What Baby Formula Does Not Contain Palm Oil?

There are a few infant formula brands that do not contain palm oil or use alternatives in their formulations. Our best choice for the best palm oil free baby formula is Bobbie Infant Formula

Can of best palm oil free baby formula - Bobbie organic infant formula on a beige background.

Bobbie Infant Formula is a USDA Organic and Non-GMO milk-based infant formula (for babies aged 0-12 months) with added iron. It was founded in 2018 in San Francisco by moms looking for a better formula option for their own babies. The milk for the formula comes from pasture raised organic cows that spend 50% more time in the pasture than United States Organic standard requirements. Additionally, the organic milk contains on average 150% more omega-3s than conventional dairy milk and is produced without the use of antibiotics.

This organic formula includes hexane-free DHA Omega-3, from sustainably sourced algae-based DHA that is extracted using water. Bobbie is also the only US formula with 20mg of DHA per 100kcal.

You won’t find any palm oil in this infant formula brand. Instead the fats, which are a necessary ingredient for your baby’s growth, include a combination of organic coconut oil, organic sunflower or safflower oil, and organic soybean oil (which means it’s non-GMO and has no persistent pesticide use)! Bobbie is gentle on tummies, and easy to digest. It truly is the best baby formula without palm oil.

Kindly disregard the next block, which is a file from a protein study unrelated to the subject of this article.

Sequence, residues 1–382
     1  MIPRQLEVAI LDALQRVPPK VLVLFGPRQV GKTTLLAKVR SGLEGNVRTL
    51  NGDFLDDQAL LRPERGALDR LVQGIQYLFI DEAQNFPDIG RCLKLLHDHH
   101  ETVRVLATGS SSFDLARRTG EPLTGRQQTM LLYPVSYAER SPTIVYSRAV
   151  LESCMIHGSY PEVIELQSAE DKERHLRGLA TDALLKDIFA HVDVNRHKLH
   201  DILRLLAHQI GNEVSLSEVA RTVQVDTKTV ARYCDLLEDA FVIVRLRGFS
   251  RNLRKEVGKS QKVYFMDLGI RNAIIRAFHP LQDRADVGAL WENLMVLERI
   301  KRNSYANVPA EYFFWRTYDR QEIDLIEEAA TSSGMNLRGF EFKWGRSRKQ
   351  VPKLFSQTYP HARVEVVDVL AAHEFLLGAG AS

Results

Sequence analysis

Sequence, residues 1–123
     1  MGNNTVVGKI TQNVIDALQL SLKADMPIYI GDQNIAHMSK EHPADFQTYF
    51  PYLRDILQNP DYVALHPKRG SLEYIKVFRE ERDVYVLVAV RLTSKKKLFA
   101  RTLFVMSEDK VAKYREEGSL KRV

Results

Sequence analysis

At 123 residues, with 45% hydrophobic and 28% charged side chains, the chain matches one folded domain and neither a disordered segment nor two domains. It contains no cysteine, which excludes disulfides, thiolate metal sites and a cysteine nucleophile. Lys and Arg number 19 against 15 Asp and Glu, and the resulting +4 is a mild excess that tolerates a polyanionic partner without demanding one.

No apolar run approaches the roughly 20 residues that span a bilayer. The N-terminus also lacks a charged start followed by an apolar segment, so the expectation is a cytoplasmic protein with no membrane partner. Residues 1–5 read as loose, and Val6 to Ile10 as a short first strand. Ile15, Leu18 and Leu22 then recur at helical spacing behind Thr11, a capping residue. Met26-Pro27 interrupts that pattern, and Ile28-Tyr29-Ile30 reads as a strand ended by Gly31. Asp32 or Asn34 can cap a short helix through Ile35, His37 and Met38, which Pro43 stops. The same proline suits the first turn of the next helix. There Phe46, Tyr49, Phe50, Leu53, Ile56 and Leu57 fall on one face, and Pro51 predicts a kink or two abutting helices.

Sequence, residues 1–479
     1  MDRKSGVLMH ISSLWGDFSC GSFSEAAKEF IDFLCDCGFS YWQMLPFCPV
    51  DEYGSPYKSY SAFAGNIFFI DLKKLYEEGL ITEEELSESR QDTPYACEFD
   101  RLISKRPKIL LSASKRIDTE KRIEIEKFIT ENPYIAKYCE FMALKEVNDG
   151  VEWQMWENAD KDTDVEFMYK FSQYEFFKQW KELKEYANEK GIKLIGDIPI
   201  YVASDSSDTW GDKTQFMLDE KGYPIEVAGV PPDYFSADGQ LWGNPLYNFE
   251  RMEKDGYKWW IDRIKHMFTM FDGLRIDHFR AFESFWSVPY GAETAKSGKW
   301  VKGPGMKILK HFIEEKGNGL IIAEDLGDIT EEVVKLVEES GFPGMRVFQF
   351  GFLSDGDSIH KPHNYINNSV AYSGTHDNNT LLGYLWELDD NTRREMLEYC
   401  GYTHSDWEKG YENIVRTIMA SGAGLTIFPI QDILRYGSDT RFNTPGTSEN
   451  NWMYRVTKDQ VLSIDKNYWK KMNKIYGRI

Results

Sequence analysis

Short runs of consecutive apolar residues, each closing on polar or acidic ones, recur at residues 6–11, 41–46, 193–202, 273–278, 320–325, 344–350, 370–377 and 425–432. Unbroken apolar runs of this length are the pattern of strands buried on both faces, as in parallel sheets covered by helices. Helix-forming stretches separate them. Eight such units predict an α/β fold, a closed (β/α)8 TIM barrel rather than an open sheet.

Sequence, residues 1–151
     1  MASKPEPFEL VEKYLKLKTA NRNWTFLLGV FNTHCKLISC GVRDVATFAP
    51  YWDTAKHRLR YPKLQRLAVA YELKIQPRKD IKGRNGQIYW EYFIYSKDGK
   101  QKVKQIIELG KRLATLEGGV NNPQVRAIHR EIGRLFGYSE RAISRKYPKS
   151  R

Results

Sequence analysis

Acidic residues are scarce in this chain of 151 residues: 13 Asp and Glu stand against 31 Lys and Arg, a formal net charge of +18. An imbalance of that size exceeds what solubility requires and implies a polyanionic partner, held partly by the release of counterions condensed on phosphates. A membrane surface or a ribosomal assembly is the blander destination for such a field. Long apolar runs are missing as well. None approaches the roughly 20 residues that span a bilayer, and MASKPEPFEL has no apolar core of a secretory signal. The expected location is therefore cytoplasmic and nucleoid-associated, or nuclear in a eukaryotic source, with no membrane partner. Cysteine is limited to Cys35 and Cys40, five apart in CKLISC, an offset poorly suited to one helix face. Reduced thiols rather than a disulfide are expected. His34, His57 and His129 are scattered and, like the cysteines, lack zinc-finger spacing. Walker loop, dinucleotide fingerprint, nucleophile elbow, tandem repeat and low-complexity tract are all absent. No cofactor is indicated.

The best part? Bobbie is super affordable! You can try Bobbie for only $20 per can plus free shipping with their special starter bundle offer!

Can of Bobbie infant formula being held by a baby in her dad's arms.

Palm Oil FAQs For Baby Formula

Is palm oil bad for babies? Is palm oil safe?

So is palm oil in baby formula bad? As we mentioned, palm oil isn’t inherently bad as it can provide essential fatty acids that support healthy growth and development and can mimic the fatty acid composition of breast milk. But the concerns about palm olein oil in formula related to digestive issues, the formulation of “soaps” that inhibit calcium absorption and fat absorption, potential allergies, and the unknown impact on long term gut health should be considered. To avoid this issue, we recommend choosing the best infant formula without palm oil – Bobbie Organic Formula.

Does palm olein oil in baby formula cause constipation?